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using Rcpp I am trying to test for NA in a POSIXct vector passed to C++ (class DatetimeVector). It seems that the Rcpp::is_na(.) function works for NumericVector, CharcterVector... but not DatetimeVector.

Here is the C++ code that tests NA for NumericVector and CharacterVector but fails to compile if you add DatetimeVector

#include <Rcpp.h>
using namespace std;
using namespace Rcpp;

//[[Rcpp::export]]
List testNA(DataFrame df){

    const int N = df.nrows();

    //Test for NA in an IntegerVector
    IntegerVector intV = df["intV"];
    LogicalVector resInt = is_na(intV); 
    //Test for NA in an CharacterVector
    CharacterVector strV = df["strV"];
    LogicalVector resStr = is_na(strV);

    //Test for NA in an DatetimeVector
    DatetimeVector dtV = df["dtV"];
    LogicalVector resDT;
    //resDT = is_na(dtV); UNCOMMENT => DOES NOT COMPILE

    return(List::create(_["df"]=df, 
                        _["resInt"]=resInt,
                        _["resStr"]=resStr,
                        _["resDT"]=resDT));

}
/*** R
cat("testing for NA\n")
intV <- c(1,NA,2)
df <- data.frame(intV=intV, strV=as.character(intV), dtV=as.POSIXct(intV,origin='1970-01-01'))
str(df)
testNA(df)
*/

In R

library("Rcpp")
sourceCpp("theCodeAbove.cpp")
share|improve this question
    
I might have found a way, in a loop we can do NumericVector::is_na(dtV[i].getFractionalTimestamp());, looks ok –  statquant Jul 19 '13 at 16:43

2 Answers 2

up vote 1 down vote accepted

The compiler error suggests the method is not (yet?) available for DateTimeVectors:

test.cpp:18:13: error: no matching function for call to 'is_na'

An easy workaround:

resDT = is_na( as<NumericVector>(dtV) ); // As per Dirk's suggestion
share|improve this answer
    
your solution is better –  statquant Jul 19 '13 at 16:54
    
I'd cast to NumericVector instead. –  Dirk Eddelbuettel Jul 19 '13 at 23:26

I've added (rev 4405 of Rcpp) implementations of is_na for DateVector and DatetimeVector that don't need the cast to NumericVector, which creates a temporary object we don't actually need.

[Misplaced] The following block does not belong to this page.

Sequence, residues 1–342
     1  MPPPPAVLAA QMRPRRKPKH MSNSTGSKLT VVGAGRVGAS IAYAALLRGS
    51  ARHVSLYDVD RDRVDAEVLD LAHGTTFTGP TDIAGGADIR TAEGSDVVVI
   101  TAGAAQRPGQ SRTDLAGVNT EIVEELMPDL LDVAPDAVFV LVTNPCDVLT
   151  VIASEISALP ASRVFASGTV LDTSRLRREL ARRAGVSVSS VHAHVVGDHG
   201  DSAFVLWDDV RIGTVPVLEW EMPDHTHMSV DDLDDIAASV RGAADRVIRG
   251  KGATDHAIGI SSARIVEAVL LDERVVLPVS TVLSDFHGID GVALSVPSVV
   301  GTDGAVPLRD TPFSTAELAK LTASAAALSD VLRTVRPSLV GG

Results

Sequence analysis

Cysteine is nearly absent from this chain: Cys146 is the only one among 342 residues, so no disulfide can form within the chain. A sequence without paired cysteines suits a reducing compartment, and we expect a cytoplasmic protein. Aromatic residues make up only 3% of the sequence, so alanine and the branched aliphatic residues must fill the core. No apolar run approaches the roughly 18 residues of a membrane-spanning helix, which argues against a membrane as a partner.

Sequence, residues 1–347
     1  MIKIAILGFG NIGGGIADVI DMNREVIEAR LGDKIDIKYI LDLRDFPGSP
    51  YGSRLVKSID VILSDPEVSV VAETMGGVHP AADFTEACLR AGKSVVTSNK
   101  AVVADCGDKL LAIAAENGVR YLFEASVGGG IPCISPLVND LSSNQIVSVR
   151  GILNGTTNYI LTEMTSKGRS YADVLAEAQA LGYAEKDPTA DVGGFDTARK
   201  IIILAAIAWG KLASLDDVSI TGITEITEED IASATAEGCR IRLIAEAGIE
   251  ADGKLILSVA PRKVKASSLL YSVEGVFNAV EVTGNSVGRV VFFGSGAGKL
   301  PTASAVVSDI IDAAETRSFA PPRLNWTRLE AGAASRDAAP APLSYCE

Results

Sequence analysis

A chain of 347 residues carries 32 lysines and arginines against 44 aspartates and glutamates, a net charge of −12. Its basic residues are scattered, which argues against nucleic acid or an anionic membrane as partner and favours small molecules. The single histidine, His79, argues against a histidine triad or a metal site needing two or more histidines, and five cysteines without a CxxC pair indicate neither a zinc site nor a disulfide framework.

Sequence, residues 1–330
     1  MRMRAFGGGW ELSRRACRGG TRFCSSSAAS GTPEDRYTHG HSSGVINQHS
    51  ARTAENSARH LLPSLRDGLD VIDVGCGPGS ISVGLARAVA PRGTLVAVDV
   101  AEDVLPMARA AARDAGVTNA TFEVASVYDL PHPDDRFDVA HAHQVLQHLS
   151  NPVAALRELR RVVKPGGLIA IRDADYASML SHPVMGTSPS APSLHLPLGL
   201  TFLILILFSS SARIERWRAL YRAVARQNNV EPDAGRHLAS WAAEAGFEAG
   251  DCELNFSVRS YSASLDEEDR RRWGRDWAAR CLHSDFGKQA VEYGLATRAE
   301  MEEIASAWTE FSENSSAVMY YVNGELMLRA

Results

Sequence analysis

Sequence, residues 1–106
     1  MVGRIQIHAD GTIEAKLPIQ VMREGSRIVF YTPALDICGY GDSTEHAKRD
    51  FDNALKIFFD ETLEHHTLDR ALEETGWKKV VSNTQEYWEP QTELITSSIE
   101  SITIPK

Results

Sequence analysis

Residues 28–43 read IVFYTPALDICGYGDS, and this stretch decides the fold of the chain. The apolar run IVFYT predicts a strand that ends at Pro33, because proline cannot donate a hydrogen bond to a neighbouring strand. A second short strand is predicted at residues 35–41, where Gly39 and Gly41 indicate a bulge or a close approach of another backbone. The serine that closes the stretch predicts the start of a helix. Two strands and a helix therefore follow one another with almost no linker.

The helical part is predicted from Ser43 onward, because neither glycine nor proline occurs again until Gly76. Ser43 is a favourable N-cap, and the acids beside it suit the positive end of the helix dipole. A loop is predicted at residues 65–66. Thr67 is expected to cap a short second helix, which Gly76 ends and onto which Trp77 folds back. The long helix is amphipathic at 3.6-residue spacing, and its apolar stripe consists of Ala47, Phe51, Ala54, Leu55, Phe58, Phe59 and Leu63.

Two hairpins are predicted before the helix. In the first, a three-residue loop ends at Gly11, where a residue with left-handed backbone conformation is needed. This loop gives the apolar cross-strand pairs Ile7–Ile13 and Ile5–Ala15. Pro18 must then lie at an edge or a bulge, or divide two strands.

However, we don't get much of a performance hit, because most of the time is taken to construct DatetimeVector objects.

#include <Rcpp.h>
using namespace Rcpp ;

// [[Rcpp::export]]
LogicalVector isna_cast( DatetimeVector d){
    // version with the cast
    return is_na( as<NumericVector>( d ) ) ;
}

// [[Rcpp::export]]
LogicalVector isna( DatetimeVector d){
    // without cast
    return is_na( d ) ;
}

// [[Rcpp::export]]
void do_nothing( DatetimeVector d){
    // just measuring the time it takes to 
    // create a DatetimeVector from an R object    
}

Benchmarking this with microbenchmark :

require(microbenchmark)

intV <- rep( c(1,NA,2), 100000 )
dtV  <- as.POSIXct(intV,origin='1970-01-01')

microbenchmark( 
    isna_cast( dtV ),
    isna( dtV ), 
    do_nothing( dtV )
)

#    Unit: milliseconds
#            expr      min       lq   median       uq      max neval
#  isna_cast(dtV) 67.03146 68.04593 68.71991 69.39960 96.46747   100
#       isna(dtV) 65.71262 66.43674 66.77992 67.16535 95.93567   100
# do_nothing(dtV) 57.15901 57.72670 58.08646 58.39948 58.97939   100

About 85% of the time is used to just create the DatetimeVector object. This is because the DatetimeVector and DateVector classes don't use the proxy design we used everywhere else in Rcpp. A DatetimeVector is essentially a std::vector<Datetime> and each of these Datetime objects is created from the corresponding element of the underlying object from R.

It is probably too late to change the api of DatetimeVector and DateVector and make them proxy based, but maybe there is room for something like a POSIXct class.

In comparison, let's measure the time it takes to do nothing with a NumericVector:

// [[Rcpp::export]]
void do_nothing_NumericVector( NumericVector d){}

#    Unit: microseconds
#                     expr      min         lq     median        uq       max
#           isna_cast(dtV) 66985.21 68103.0060 68960.7880 69416.227 95724.385
#                isna(dtV) 65699.72 66544.9935 66893.5720 67213.064 95262.267
#          do_nothing(dtV) 57209.26 57865.1140 58306.8780 58630.236 69897.636
# do_nothing_numeric(intV)     4.22     9.6095    15.2425    15.511    33.978
share|improve this answer
1  
+1 and a big "Yikes"! DatetimeVector and DateVector are in fact "survivors" from my first 0.6.* releases of Rcpp. Seems like there is room for improvement. New Date and POSIXct classes, maybe? OTOH I don't really know who uses these. In practice, I mostly cast POSIXct in R via as.numeric() and work on the double precision values... –  Dirk Eddelbuettel Jul 25 '13 at 13:55
    
That's interesting. For starters we can grep around for uses of them in Rcpp client packages. If we follow design principles from the current Rcpp api, we could make them more efficient. Anyway, we'll discuss this on appropriate channels :) –  Romain Francois Jul 25 '13 at 15:09
    
Thank you Romain for adding this sugar. datetime are really fishy to work with in R, between the "display bug" of POSIXct, the relative slowness and timezones that are a mess. I regularily use fasttime, RcppBDT and still have to deal microseconds precision issues on some cases... datetimes are a piece of work. –  statquant Jul 28 '13 at 12:01

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